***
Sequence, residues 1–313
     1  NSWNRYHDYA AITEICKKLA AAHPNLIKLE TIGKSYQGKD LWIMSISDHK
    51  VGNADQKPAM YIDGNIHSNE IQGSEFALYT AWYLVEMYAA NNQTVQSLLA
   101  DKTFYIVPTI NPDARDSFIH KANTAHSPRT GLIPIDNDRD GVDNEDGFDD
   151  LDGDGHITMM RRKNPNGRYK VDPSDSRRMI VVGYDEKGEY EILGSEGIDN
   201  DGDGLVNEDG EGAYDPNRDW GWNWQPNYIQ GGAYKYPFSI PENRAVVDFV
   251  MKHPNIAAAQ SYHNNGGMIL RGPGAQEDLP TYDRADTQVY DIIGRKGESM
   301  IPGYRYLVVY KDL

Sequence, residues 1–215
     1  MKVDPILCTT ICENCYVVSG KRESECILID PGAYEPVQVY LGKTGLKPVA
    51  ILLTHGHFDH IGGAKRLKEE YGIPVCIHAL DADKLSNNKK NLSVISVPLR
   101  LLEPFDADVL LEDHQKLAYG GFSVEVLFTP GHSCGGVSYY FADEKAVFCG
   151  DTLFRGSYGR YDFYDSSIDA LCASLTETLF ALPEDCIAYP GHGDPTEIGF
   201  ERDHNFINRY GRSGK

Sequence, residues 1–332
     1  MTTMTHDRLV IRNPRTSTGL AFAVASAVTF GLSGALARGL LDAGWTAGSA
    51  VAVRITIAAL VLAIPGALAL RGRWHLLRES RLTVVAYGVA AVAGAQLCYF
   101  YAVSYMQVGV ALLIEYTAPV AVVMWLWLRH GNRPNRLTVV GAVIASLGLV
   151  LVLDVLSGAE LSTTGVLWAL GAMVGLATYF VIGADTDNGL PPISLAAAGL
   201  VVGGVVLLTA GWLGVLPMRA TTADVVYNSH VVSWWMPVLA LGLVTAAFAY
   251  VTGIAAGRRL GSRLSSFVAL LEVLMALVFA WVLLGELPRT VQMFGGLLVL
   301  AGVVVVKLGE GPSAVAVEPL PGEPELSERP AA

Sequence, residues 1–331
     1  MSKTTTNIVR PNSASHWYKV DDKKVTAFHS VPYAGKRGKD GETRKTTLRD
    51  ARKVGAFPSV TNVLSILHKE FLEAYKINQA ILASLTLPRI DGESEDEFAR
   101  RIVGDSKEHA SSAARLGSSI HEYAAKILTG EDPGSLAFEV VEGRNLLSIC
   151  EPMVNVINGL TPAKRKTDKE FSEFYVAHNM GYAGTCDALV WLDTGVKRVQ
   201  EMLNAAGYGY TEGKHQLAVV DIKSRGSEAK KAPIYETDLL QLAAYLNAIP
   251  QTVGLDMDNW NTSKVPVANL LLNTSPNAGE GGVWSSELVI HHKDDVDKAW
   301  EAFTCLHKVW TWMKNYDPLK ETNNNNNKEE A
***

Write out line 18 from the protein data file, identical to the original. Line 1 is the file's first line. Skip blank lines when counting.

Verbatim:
   101  YAVSYMQVGV ALLIEYTAPV AVVMWLWLRH GNRPNRLTVV GAVIASLGLV